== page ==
Canadian PM Stephen Harper has vowed to end subsidies to Canada's political parties if his Conservative party decisively wins the 2 May election.
Opposition Liberal Party leader Michael Ignatieff denounced the plan as American-style "big money" politics.
Recent polling shows the Conservatives could win the election and even take a majority of seats in parliament.
The poll was triggered last week when parliament approved a no-confidence vote called by the Liberal Party.
"Taxpayers shouldn't have to support political parties that they don't support," Mr Harper told reporters in Moncton, in the province of New Brunswick.
The prime minister, who has led the minority Conservative government since the party won the 2006 federal elections, described the subsidy as "this enormous cheque that keeps piling into political parties every month, whether they've raised any money or not".
'Full war chests'
The programme, established in 2004 by the Liberal government of Jean Chretien, gives each party an annual public subsidy of 2 Canadian dollars ($2.07; £1.29) per vote received in the last election held.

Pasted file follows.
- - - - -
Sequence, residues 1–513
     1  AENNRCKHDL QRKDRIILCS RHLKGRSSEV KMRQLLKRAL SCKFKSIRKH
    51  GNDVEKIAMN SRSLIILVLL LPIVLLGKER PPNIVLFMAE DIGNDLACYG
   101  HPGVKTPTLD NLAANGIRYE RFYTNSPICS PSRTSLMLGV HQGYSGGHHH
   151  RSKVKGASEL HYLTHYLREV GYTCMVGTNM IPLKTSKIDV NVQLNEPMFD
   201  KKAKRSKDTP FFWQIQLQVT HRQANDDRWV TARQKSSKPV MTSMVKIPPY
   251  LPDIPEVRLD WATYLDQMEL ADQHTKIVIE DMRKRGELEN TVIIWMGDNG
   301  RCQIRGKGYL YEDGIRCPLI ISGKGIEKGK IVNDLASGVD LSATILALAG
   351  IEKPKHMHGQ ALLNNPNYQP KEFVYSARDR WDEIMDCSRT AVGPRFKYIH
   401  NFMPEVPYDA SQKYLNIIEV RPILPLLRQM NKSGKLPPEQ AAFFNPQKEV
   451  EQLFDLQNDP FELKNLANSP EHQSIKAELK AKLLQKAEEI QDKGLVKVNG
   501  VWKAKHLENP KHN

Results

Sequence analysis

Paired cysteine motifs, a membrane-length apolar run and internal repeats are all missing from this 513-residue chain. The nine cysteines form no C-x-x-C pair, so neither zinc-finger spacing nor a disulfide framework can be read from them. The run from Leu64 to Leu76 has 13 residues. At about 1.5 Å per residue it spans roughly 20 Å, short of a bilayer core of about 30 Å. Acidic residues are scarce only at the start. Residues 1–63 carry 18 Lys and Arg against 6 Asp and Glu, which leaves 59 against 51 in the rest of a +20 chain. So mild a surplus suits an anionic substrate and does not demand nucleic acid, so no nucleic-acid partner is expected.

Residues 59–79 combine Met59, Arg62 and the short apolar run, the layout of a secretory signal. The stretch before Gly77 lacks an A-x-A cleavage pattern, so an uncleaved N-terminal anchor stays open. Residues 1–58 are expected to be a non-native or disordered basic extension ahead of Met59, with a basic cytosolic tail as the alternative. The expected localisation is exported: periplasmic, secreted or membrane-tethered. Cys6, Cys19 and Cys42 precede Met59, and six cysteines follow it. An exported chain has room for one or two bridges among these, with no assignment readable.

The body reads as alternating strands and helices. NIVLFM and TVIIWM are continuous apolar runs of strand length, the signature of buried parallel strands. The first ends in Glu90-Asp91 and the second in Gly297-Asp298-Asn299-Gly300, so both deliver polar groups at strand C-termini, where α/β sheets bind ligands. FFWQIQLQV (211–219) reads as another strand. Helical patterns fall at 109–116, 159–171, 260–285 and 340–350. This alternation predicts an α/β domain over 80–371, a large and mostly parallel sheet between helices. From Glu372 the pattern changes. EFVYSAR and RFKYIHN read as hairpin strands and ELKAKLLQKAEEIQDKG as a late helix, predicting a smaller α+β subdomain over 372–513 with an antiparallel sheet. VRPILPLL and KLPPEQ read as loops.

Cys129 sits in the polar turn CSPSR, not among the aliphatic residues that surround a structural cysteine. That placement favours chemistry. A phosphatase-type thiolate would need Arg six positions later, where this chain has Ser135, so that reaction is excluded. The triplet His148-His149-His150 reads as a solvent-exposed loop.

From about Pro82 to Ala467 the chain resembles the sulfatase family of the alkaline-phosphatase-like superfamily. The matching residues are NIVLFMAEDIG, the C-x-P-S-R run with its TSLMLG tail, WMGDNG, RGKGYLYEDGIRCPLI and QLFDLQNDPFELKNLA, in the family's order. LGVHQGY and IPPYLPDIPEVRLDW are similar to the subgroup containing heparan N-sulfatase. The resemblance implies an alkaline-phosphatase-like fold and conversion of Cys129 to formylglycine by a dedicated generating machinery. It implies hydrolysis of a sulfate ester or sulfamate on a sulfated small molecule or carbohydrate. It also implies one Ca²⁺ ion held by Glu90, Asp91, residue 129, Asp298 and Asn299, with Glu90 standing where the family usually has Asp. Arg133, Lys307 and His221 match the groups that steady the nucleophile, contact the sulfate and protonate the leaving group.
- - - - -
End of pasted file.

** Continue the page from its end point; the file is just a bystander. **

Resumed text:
Mr Harper said the subsidy allowed for tiresomely frequent elections because "the war chests are always full". The 2 May election will be the country's fourth in seven years.
The end of the subsidy would have the greatest impact on Canada's opposition parties, which are less adept at grassroots fundraising than the Conservatives.
Corporate and union donations are banned in Canadian politics, and the opposition parties have become dependent on the public subsidies for their operations.
Mr Harper's bid in 2008 to end the subsidies provoked an effort by the opposition parties - Liberals and New Democrats, backed by the Bloc Quebecois - to topple his government.
His government was saved only when parliament was suspended.
Campaigning in London, Ontario, Mr Ignatieff, an author and political commentator, pledged Mr Harper would face united resistance from the opposition parties if he were to attempt to end the subsidies.
"We have a democratic system at the right price - it's economical, it creates a level playing field," he said.
"Do you defend Canadian democracy or do you want to import American-style democracy into this country? I don't think so, because you get big money, you get corruption, you get all the problems that bedevil American democracy."
Leaders of the third- and fourth-largest Canadian parties, Jack Layton of the New Democrats and Gilles Duceppe of the Bloc Quebecois, also denounced Mr Harper's proposal.